Pandemic Highlights Fight Against “digital Poverty”: Professor

The coronavirus pandemic revealed the usefulness of digital tools and data when creating public policies, but it also highlighted the digital divide in societies, said Daniel Innerarity, professor of political philosophy. “One of the great aspects of the pandemic is that digitization was not egalitarian, it benefits those who are more qualified than those who are not,” Innerarity said in a virtual conference on Tuesday. The unequal distribution in access to internet services affects 32% of the population in Latin America, according to a report by the Inter-American Development Bank. The digital divide in the region is also affected by social and geographic inequalities: while 71% of the population in cities have connectivity options, only 37% in rural areas can access the internet, according to a report by the Inter-American Institute for Cooperation on Agriculture (IICA).
Along the same lines, 81% of households with the highest income in the region have an internet connection, compared to 38% of households with the lowest income, according to a ECLAC report.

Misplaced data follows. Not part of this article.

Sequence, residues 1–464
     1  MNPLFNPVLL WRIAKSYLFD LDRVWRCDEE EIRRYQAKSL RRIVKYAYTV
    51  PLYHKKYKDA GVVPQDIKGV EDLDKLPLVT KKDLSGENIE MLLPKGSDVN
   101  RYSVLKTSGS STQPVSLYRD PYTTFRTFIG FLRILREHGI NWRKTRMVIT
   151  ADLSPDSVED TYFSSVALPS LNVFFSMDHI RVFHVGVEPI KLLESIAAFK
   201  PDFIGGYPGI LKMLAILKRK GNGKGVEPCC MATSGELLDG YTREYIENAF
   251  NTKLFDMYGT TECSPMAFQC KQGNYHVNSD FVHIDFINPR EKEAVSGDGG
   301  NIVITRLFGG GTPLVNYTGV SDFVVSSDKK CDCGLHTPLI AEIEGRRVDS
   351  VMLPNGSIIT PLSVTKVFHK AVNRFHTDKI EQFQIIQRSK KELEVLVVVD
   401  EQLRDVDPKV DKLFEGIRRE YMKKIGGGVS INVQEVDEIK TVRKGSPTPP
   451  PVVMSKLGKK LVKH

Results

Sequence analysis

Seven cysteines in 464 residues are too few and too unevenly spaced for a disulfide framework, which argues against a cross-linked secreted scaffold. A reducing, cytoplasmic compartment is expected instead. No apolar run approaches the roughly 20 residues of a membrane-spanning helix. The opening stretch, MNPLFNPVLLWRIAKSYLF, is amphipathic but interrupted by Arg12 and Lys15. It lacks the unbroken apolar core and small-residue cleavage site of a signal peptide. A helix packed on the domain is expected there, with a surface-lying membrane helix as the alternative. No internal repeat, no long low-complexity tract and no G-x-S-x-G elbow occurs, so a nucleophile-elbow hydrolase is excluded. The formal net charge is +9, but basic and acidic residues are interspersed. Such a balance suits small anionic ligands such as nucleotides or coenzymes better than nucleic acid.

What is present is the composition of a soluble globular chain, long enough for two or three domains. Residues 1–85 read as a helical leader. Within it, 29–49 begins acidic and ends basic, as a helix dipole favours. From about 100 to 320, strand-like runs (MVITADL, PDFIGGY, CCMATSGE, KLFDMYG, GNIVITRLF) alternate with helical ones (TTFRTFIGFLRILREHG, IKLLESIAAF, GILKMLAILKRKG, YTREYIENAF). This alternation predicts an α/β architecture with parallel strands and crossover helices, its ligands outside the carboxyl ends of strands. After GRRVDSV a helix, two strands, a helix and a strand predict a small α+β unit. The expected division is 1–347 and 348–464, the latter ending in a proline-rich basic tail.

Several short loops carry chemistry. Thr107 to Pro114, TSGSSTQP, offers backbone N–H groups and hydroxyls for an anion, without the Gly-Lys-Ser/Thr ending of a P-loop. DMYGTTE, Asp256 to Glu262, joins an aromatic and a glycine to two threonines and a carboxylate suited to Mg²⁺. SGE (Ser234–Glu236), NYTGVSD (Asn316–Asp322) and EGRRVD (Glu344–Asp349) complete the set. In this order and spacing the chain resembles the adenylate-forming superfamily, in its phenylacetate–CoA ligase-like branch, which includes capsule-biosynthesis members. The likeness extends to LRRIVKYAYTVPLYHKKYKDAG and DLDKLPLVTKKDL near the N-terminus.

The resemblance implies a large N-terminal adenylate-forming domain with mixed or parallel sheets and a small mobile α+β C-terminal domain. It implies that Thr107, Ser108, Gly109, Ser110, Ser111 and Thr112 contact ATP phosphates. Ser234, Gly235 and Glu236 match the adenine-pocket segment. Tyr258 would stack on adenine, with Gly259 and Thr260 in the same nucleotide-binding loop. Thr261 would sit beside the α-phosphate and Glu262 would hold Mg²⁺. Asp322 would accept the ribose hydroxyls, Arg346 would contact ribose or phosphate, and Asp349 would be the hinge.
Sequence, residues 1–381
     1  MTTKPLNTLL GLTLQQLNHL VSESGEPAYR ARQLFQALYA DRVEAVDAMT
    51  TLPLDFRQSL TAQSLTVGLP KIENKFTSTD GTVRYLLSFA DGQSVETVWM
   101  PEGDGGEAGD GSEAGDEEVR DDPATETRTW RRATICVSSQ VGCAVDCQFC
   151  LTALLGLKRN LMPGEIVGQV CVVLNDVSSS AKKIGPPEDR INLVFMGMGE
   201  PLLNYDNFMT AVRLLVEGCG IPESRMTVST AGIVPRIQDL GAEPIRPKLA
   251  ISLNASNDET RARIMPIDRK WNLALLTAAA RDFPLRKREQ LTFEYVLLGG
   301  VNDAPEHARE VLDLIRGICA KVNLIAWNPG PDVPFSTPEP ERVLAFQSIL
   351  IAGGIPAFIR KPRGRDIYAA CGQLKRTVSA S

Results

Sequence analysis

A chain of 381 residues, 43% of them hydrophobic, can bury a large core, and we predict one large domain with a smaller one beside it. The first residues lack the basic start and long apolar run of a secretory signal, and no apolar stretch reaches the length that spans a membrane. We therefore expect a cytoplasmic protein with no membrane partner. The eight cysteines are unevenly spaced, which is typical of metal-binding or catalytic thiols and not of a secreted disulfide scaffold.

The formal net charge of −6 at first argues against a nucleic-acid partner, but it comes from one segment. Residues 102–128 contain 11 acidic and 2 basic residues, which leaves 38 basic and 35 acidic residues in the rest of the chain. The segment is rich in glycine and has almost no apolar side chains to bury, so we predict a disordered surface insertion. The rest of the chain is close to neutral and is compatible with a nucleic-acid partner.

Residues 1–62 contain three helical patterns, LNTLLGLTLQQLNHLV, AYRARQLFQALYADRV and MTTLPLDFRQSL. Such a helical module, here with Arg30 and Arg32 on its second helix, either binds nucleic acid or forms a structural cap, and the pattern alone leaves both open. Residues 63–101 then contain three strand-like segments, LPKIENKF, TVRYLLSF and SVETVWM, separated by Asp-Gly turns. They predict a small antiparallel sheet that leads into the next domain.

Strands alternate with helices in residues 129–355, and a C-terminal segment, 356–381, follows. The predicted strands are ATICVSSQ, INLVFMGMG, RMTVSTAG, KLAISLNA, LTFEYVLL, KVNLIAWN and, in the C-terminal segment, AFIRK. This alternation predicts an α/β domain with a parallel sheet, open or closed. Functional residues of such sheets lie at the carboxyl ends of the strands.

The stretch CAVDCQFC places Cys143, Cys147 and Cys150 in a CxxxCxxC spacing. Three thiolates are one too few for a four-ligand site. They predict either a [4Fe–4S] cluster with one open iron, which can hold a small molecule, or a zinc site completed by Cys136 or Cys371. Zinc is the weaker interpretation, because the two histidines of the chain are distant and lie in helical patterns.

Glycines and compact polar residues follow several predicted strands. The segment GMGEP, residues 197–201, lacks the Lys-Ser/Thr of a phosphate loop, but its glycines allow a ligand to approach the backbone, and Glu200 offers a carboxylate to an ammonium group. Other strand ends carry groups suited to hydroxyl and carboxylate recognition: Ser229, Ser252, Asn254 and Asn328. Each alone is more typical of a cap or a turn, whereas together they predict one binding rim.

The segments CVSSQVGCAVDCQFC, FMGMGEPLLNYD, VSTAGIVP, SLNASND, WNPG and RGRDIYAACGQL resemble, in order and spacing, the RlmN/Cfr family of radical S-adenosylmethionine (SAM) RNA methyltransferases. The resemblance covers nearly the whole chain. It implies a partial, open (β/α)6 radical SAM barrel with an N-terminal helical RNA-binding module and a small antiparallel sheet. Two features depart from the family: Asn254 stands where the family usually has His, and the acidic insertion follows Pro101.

For Innerarity, a researcher at the University of the Basque Country in Spain, the fight against digital inequalities is one of the main challenges facing today’s society. “If analog societies have been able to combat some types of poverty, now we have another battle (…) the fight against digital poverty that requires different mechanisms,” said the professor at the conference organized by the Organization of American States. The lack of internet access deepens existing gaps in access to health or education, said ECLAC in its report. “This low percentage limits or prevents access to teleworking, online education and electronic health services, as well as other goods and services offered by public platforms and institutions, which widens the pre-existing gaps,” the report explains. The digital divide, however, is not the same in all the countries of the region: in Brazil and Chile, more than 60% of households with lower incomes have an Internet connection, while in Bolivia, Paraguay and Peru, only 3 % have it, argues ECLAC. The OAS Secretary General, Luis Almagro, who introduced the professor to the virtual conference, assured that digital tools can “serve to strengthen the rule of law” and help find solutions to inequalities. “In our region, the most unequal, we need innovative solutions to reduce social gaps, exclusion and discrimination,” said Almagro. Governing is increasingly an “algorithmic thing” The COVID-19 pandemic has also put governments’ data and digital tools to the test and demonstrated that many modern affairs require governance that goes beyond “decrees”, said Innerarity. “The pandemic has been a test of whether our data collection system, classification of infections (…) was up to the task,” said the researcher. As the use of technological tools expands in society and in states, governing is increasingly “an alogritimic question,” Innerarity said. “There are many issues in the world today that require more complex governance. They are not going to be easily governable with government decrees (…) they are going to require deliberation, intelligent systems, measurement, data collection”, said the expert. Connect with the ! Subscribe to our channel Youtube

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